Thursday, May 18, 2023


By Tim Rohr

Okay - to take a break from all this usual heavy JW stuff, I want to share something a bit lighter and sort of personal.

I believe it was Carl Rogers who once said "what is most personal is most universal." 

If you have to pause on that, it basically means that, at root, at the level of our deepest personal being, we really are all the same, i.e. we hurt the same, etc. 

So the following is not really "personal." It is really universal - in a way. 

And it was framed for us in a magnificent human event from which we all can draw hope. 

Always hope. 

The following is a short reflection posted on my Facebook page in 2019. Thanks for reading. 


After more than a year, I have come to the Epilogue of the book Apollo 13 (Jim Lovell and Jeffrey Kruger). It’s the book that inspired the movie. And like they say, the book is always better than the movie. 

But as riveting and amazing as the real story of how those men got back to Earth is - and for all the great lessons learned in that story (e.g. don’t lose your cool) - the investigation into how Apollo 13 came to be the only Apollo “failure,” as the Epilogue catalogs, provides the most fascinating lessons. 

Like most disasters, it wasn’t one thing, but a perfect storm of many small oversights and errors, going back to whoever forgot to remove a single bolt in 1965. 

The Apollo program was, and remains still, the pinnacle of human technical achievement. Think about it. Putting a man on the moon and bringing him back to Earth with but a tiny fraction of the computer power that is in the simplest of today’s smart phones.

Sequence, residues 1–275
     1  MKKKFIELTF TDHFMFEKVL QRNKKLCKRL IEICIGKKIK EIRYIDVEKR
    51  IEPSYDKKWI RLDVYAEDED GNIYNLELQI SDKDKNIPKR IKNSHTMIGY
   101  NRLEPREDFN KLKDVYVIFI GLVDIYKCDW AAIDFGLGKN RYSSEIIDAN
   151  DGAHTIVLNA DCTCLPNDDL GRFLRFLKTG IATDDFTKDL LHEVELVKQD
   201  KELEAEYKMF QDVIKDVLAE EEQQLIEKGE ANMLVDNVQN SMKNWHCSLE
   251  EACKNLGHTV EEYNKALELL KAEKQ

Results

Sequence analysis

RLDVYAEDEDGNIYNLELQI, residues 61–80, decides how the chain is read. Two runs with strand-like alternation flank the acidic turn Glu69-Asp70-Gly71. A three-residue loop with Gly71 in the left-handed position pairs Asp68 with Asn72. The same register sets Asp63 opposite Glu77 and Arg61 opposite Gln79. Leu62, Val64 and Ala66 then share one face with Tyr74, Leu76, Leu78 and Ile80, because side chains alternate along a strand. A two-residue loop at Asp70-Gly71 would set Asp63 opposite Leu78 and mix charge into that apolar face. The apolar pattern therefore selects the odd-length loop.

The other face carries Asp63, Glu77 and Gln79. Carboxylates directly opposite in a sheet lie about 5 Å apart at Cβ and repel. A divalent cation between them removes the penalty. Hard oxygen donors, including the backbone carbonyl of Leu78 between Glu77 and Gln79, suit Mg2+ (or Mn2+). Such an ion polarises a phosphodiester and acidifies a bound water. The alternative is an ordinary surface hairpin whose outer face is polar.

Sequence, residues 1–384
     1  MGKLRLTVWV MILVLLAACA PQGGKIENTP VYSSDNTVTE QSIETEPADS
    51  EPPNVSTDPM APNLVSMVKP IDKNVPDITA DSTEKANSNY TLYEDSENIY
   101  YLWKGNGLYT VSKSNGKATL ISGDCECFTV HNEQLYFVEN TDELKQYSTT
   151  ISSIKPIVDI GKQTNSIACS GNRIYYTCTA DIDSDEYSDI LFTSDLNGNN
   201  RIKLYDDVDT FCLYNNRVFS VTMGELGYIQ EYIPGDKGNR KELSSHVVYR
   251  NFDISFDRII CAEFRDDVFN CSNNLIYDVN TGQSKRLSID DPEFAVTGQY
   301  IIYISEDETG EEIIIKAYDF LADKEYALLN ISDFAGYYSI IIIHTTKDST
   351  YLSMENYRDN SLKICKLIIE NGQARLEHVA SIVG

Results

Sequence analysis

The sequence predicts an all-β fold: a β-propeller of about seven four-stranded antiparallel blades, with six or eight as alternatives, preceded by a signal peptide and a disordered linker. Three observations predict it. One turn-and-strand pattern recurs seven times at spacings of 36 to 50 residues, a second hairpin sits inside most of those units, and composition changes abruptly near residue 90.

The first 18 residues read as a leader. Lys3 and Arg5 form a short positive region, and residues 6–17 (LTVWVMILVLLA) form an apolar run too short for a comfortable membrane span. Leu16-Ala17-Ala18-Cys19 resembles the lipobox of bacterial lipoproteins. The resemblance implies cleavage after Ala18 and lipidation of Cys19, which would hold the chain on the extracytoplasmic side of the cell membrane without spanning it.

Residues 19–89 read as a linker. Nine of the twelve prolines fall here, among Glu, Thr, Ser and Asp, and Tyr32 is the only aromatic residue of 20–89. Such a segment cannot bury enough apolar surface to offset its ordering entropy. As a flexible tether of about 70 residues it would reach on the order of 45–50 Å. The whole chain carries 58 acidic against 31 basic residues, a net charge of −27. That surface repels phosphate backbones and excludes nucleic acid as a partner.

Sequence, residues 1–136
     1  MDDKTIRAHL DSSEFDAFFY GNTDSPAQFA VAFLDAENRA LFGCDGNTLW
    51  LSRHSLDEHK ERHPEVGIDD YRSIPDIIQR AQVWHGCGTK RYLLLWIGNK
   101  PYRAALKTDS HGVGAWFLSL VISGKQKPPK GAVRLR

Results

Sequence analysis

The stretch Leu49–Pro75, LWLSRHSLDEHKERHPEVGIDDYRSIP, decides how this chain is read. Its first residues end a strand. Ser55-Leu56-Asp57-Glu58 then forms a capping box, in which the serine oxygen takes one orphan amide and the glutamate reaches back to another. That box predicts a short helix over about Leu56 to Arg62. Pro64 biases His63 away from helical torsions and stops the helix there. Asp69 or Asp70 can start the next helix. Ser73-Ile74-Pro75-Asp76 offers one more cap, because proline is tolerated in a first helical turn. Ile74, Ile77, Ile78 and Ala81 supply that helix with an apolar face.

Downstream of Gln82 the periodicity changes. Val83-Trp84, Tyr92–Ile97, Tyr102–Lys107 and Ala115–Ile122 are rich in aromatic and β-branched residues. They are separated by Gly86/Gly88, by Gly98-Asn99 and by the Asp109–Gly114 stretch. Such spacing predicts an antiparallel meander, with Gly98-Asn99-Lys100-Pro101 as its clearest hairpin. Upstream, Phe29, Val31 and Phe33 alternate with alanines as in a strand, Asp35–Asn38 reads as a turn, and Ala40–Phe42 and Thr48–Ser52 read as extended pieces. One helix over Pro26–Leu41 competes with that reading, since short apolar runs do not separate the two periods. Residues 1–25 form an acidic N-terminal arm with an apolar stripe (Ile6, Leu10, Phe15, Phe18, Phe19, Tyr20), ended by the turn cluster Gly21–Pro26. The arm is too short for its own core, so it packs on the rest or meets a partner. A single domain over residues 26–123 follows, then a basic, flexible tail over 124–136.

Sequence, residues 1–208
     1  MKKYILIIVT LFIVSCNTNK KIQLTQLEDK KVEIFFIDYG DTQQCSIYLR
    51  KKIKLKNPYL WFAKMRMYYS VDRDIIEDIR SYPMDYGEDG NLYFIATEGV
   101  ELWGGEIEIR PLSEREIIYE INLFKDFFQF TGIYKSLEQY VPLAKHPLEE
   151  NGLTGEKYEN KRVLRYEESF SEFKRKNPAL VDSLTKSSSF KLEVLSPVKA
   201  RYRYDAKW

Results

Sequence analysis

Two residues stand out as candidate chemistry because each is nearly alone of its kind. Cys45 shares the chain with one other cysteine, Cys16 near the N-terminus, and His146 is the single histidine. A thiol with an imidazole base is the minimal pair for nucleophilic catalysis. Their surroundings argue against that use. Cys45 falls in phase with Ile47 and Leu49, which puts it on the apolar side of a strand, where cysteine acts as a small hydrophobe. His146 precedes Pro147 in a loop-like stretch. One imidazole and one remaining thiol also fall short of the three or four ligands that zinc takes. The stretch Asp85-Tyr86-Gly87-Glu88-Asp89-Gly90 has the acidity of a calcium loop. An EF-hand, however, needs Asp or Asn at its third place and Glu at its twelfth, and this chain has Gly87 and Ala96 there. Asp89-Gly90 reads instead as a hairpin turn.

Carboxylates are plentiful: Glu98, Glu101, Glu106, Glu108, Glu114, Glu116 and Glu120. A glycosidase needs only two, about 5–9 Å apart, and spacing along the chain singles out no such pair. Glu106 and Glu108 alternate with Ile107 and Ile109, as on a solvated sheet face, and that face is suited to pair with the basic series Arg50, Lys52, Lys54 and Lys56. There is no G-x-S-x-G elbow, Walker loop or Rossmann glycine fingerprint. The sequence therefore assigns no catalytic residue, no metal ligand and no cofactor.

And to accomplish that feat, something many NASA experts say cannot even be repeated today - 50 years later, there were layers and layers of checks and double checks and triple checks and test after test after test. Yet, an extremely tiny thing escaped unnoticed. 

 And BANG!

For those of us dealing with those kinds of BANGS in our fragile lives...we, like those three men, CAN STILL GET HOME! 

Don’t panic. Keep breathing. And trust your ground crew. 

My favorite line from the book is by Jim Lovell, who, reflecting on a question from a reporter in a post-mission press conference who asked if Lovell had panicked. Lovell replied: 

“We could have bounced off the walls for ten minutes and we would have been in the same position ten minutes later.” 

Keep breathing. And as Flight Director Gene Kranz told Mission Control when he realized what had happened: “Pay attention to your data, people. Don’t make things worse by guessing.” 


Big hearts to those guys. Thank you for helping me find my way home. 

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